However, such risk represents “true net profit sources”, providing “windfall profits” to the firm because it cannot be accurately predicted; for example, changes in customer behavior, technological changes, or sometime because of fire accident, natural disaster, disease outbreak …. Profit originating from these true risks is considered a reward for the risks undertaken by the firm. Although there is still debate over the source of profit from risks, in practice, high-risk investments often yield greater profits than safe ones.

The fourth source of profits is derived from innovation. Economists, such as Schumpeter (1912), argue that “innovation is the pure source of profit”. In business activities, innovation serves as a driver for firm growth. Schumpeter, the pioneer in innovation literature, believed that industries must continuously revolutionize their internal structure and innovate their production processes to create better products or achieve better performance. Firms also need to continuously research and apply new methods, ideas, and technologies to better meet customer needs regarding product quality, associated services, and competitive prices. These inventions and innovative applications not only reduce costs but also increase firm revenue as optimized production technologies and processes are adopted, and new products are introduced to the market. So, Schumpeterian rents are associated with the development of new resources or their utilization in new forms, which can be seen as rewards for the firm’s efforts in implementing a special function of innovation.

Finally, quasi-rents arise from the difference between the acquisition value of a resource and the value generated by its utilization. Not all firms derive identical value from the same resource; therefore, resource scarcity is not the sole source of rent. Quasi-rents are associated with the specificity of resources, which may therefore have higher value to a particular firm compared to others. They arise when resources have a higher value when combined together than when separate. Quasi-rents also arise from the imperfect mobility of resources, which cannot always be freely traded and acquired due to property rights, their specificity with the owning firm, high transaction costs, or complexity preventing transfer.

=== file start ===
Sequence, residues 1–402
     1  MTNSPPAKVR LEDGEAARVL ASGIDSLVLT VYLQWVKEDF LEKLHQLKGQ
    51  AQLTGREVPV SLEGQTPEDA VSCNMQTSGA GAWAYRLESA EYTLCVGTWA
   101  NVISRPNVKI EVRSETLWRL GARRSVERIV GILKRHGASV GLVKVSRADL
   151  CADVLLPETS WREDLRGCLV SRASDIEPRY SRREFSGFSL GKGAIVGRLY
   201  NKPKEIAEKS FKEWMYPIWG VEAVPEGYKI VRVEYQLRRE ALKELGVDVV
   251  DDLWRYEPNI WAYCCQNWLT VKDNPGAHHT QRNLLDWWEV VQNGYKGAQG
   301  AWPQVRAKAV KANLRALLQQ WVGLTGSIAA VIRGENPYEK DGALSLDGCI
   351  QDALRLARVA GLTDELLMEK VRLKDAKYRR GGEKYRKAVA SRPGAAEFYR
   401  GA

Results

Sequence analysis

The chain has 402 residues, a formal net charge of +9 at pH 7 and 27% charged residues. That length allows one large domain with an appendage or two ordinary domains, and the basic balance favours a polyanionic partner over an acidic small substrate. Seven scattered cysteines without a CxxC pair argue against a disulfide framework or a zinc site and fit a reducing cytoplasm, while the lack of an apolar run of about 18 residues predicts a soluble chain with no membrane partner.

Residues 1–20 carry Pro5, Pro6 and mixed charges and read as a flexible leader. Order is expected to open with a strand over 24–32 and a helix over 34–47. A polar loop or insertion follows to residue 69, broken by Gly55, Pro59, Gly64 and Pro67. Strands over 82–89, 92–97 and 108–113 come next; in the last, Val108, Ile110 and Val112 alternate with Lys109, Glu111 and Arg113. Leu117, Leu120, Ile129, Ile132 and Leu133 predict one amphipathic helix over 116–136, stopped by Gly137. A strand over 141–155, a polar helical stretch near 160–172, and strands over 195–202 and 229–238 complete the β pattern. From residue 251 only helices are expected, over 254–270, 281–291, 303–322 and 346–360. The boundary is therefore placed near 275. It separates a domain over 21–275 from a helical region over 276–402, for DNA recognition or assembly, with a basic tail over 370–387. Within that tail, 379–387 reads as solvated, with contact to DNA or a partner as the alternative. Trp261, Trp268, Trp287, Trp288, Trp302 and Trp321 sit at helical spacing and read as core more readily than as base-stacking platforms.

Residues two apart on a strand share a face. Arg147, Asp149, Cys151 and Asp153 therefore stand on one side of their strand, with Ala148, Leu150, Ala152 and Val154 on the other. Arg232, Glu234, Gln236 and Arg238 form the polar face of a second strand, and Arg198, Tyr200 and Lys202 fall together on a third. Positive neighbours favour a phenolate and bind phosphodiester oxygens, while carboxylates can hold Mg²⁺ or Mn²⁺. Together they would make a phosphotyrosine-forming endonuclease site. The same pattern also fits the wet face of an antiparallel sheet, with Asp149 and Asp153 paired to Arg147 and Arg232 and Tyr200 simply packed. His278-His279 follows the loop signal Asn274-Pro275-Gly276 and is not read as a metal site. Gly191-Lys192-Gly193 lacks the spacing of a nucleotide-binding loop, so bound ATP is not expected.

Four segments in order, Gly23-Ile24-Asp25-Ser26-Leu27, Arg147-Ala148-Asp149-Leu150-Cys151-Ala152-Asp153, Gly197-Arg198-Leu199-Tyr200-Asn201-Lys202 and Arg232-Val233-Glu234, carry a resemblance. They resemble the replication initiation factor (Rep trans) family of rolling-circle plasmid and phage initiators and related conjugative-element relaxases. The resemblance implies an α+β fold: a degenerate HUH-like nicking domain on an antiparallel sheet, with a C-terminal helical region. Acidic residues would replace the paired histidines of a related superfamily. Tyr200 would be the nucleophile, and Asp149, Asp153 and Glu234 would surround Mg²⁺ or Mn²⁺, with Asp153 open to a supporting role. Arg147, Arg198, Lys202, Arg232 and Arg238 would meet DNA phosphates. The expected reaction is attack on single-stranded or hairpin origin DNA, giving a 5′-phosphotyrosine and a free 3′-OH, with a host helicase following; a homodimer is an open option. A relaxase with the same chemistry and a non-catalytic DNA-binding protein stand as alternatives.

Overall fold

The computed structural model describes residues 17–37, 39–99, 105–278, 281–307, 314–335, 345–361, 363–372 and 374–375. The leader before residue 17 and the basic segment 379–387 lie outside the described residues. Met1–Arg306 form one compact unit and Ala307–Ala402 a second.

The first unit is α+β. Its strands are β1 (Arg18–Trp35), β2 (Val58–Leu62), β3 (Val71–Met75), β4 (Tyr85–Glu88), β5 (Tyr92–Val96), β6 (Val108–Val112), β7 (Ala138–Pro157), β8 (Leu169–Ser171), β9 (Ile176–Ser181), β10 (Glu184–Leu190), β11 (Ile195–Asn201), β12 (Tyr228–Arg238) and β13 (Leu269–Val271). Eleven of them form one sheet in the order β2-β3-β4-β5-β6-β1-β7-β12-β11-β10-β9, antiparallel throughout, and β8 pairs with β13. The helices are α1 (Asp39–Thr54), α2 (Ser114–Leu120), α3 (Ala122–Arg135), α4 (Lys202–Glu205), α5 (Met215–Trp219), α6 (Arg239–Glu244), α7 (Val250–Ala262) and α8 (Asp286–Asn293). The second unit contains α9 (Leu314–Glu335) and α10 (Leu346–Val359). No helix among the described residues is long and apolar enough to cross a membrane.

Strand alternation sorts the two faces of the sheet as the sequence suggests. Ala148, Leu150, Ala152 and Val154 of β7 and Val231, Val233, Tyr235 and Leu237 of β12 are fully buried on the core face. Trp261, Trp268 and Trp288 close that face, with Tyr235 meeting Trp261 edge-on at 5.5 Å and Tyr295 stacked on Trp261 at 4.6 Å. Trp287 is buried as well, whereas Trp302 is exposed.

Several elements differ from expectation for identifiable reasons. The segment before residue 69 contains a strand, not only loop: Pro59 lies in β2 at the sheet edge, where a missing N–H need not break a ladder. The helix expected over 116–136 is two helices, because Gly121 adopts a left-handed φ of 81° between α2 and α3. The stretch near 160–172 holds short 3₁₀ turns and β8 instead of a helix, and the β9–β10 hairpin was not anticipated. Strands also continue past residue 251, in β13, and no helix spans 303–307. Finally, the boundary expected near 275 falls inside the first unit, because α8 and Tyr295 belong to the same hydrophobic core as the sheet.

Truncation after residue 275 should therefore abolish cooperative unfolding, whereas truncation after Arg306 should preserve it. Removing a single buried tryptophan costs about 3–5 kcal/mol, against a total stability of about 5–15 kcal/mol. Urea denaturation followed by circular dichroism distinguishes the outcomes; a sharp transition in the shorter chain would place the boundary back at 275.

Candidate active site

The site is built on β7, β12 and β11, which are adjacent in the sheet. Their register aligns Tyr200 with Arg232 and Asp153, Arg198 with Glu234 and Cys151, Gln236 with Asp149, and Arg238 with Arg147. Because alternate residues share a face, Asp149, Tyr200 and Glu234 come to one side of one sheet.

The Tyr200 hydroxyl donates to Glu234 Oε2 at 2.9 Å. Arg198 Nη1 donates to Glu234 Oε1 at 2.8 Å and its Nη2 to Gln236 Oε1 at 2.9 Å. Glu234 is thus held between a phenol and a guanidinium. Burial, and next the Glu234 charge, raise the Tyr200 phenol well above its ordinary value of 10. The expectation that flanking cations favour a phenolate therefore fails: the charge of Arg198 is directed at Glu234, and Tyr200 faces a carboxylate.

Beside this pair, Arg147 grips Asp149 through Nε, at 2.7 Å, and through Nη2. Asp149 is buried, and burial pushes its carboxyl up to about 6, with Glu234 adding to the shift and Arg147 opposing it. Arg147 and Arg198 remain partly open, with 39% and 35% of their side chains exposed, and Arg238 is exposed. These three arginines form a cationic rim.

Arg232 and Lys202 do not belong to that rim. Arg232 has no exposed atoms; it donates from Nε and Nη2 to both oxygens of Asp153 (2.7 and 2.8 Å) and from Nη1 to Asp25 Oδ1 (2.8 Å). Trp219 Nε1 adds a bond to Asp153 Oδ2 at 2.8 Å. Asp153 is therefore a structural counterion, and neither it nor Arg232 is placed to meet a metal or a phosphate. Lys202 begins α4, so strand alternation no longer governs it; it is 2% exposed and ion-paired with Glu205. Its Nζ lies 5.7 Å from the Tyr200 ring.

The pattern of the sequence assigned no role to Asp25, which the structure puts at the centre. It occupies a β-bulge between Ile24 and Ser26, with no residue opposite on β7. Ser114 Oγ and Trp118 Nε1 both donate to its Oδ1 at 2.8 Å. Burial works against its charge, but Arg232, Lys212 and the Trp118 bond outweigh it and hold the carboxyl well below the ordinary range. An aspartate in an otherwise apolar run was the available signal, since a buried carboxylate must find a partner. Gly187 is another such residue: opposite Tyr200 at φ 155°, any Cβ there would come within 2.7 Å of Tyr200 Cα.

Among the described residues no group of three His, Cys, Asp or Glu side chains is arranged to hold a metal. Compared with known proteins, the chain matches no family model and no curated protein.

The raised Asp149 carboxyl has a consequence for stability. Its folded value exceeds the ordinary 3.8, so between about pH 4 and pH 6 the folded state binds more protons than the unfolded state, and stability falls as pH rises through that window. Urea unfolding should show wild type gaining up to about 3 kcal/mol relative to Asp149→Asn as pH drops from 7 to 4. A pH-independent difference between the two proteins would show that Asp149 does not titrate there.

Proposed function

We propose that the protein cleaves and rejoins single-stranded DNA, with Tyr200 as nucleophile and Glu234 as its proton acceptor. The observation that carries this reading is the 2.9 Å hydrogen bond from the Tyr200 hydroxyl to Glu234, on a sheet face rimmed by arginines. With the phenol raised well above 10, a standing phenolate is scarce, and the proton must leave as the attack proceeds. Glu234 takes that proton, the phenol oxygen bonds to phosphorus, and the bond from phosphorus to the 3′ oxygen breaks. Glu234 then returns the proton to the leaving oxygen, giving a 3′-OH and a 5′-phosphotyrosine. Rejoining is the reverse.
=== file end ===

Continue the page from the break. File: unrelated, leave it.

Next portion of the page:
3. Firm profitability

Regarding firm profitability, it depends on two factors: the attractiveness of the chosen industry and the competitive advantage over rivals (Grant, 1991, p.117). Industrial organization economics emphasizes industry attractiveness as the primary basis for the high profitability of the firm. It implies that the mission of strategic management consists of seeking favorable industry environments, positioning segments, and regulating competitive pressures by influencing market structure and the behavior of competitors (Grant, 1991; Schmalensee, 1988).

Figure 1: Resources as the basis for profitability

Source: Grant (1991, p.118)

However, the inter-firm profit within a specific industry is determined by each firm’s competitive advantage. This implies that the mission of strategic management consists of allocating resources to choose between differentiation or cost advantage and deciding the firm’s market scope (Grant, 1991). Differentiation advantage allows firms to create differentiated products or services compared to competitors through expanding distribution channels, service networks, applying technology to assert superior characteristics, and branding products; thereby achieving high profits due to the high prices accepted by customers. In contrast, cost advantage requires possession of scale-efficient plants, superior process technology, ownership of low-cost sources of raw materials, or access to low-wage labor; these factors allow the firm to produce goods, supply services at low costs, thereby achieving high profit.